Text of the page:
Section 60 of the Road Traffic Act 1974 (WA) states that a person commits an offence if they recklessly drive a motor vehicle, posing a danger to other road users. The penalties for this violation depend on the number of times a person has been convicted.

    A first-time offender is liable to a fine of 120 penalty units or 9 months imprisonment. Also, the court will have to disqualify them from obtaining or possessing a licence for at least 6 months.

    A second-time offender may face 180 penalty units or 9 months imprisonment and a compulsory disqualification for a minimum of 12 months.

    A third-time or subsequent offender could receive a fine of 240 penalty units or 12 months imprisonment and a permanent disqualification.

    However, some circumstances can aggravate the crime of driving in a reckless manner, consequently increasing the penalties.

    Some of these circumstances include:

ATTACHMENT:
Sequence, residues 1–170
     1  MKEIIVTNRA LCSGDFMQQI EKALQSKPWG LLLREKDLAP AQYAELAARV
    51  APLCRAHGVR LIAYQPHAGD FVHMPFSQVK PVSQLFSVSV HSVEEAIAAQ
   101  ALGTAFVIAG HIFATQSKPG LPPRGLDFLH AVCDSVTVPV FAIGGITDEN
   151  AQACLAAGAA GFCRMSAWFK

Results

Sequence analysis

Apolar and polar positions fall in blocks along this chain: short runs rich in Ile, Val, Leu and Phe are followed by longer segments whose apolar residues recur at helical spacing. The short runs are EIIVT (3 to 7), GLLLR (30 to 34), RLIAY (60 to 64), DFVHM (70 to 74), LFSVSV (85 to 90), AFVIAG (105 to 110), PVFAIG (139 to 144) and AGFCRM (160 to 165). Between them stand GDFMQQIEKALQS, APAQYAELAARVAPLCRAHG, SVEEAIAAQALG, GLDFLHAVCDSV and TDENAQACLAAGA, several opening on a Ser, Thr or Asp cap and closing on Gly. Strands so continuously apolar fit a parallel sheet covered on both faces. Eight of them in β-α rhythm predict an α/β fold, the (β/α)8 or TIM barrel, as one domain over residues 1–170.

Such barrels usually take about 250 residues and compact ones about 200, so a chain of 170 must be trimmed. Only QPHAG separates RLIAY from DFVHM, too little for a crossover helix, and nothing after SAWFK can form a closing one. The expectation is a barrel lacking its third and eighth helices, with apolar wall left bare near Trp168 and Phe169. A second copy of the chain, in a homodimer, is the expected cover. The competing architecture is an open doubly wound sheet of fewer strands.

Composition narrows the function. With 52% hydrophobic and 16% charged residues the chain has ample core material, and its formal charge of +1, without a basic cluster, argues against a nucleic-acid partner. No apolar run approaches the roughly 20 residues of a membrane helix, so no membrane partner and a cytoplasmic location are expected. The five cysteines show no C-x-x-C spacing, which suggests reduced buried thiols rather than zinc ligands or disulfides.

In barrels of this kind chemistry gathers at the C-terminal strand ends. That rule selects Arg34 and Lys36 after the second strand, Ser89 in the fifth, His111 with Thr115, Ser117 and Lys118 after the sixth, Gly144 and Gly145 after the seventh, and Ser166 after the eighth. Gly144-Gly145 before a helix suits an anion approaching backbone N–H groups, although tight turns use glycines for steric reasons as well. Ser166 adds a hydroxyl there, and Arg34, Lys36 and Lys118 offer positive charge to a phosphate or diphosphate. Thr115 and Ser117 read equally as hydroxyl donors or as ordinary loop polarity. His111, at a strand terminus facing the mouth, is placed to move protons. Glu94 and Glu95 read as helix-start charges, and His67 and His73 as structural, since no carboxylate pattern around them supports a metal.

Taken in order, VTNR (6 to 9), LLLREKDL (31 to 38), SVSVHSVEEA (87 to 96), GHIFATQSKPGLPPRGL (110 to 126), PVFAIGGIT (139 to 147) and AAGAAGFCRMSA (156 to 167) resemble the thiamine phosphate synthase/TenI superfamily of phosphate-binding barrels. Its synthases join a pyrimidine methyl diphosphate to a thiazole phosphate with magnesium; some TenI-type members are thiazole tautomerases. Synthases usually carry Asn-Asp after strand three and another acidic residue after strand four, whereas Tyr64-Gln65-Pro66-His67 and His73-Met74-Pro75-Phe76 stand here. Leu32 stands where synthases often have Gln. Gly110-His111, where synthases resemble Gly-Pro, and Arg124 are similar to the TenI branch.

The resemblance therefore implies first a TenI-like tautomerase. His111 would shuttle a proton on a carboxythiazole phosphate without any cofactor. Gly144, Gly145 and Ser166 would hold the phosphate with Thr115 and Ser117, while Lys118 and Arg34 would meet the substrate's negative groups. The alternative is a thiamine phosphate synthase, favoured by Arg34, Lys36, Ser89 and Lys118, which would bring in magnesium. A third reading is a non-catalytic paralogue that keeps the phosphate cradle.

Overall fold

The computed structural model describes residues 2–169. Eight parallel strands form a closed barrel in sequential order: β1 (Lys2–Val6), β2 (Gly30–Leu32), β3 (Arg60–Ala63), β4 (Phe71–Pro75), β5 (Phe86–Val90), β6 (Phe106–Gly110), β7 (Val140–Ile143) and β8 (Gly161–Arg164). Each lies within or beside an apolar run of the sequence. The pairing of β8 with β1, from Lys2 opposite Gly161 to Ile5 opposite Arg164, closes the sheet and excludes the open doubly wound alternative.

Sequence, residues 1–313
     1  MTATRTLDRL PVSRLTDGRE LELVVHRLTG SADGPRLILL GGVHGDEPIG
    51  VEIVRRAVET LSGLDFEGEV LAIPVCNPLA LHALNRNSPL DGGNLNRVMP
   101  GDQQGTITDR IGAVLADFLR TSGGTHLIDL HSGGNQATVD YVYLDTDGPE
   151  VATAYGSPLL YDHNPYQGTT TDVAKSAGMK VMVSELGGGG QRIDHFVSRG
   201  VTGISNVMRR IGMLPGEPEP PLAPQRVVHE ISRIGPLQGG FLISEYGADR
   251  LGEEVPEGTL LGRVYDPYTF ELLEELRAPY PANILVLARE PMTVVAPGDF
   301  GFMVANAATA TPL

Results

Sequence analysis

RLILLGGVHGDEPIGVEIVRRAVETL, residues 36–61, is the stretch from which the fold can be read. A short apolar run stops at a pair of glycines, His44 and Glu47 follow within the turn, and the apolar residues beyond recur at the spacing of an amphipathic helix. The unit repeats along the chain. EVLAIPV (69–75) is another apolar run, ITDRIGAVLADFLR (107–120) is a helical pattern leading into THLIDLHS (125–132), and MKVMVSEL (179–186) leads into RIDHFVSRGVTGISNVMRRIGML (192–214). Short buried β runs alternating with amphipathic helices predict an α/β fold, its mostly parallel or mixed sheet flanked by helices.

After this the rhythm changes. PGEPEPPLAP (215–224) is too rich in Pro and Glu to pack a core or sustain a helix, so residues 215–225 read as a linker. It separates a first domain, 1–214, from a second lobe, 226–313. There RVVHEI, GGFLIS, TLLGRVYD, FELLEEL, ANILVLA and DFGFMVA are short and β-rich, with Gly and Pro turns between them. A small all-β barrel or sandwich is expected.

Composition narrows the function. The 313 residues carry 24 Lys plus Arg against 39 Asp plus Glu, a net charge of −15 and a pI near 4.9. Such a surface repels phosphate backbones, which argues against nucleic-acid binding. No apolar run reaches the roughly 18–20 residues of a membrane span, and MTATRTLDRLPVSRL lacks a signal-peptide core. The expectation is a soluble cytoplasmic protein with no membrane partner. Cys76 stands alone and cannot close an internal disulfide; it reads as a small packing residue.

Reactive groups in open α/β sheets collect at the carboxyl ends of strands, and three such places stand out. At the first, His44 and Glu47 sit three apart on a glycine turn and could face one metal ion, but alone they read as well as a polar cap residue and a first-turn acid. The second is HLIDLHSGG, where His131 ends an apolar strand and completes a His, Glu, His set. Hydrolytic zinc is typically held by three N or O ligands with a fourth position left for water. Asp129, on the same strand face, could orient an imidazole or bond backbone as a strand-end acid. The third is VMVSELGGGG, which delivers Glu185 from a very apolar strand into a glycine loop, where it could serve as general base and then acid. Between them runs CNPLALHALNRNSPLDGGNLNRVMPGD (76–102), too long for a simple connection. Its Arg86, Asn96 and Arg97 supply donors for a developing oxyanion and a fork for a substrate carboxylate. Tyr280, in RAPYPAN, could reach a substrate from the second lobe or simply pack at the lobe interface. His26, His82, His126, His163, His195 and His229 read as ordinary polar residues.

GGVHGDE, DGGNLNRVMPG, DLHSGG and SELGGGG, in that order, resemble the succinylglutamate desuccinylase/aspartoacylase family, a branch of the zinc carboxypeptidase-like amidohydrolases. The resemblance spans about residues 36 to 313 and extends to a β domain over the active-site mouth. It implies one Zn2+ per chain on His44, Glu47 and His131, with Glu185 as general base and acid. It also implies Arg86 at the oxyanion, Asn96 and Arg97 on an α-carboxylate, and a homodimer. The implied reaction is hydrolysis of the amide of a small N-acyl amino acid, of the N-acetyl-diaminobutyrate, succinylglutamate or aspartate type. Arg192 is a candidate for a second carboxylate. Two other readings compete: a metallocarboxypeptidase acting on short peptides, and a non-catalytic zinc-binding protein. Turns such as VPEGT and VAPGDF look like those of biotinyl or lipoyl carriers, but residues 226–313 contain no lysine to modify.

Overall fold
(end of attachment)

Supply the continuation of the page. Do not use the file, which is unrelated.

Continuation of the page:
• The offender was driving a vehicle without authorisation from the owner.
    • The offender has no proper authorisation to operate a vehicle.
    • The accused person was driving over the speed limit of 30km/h.
    • The offender was driving in a reckless manner to escape arrest.

    In a situation where the offender was trying to escape the police, they may receive a five years imprisonment sentence. Nevertheless, if the case is dealt with summarily, the penalty will be two years imprisonment.

    Additionally, the court will have to disqualify the offender for a period not less than 2 years, while a third or subsequent offence will attract a permanent disqualification.

    Nevertheless, before the court can convict a person for the crime of driving in a reckless manner, the court will need to convince the court that: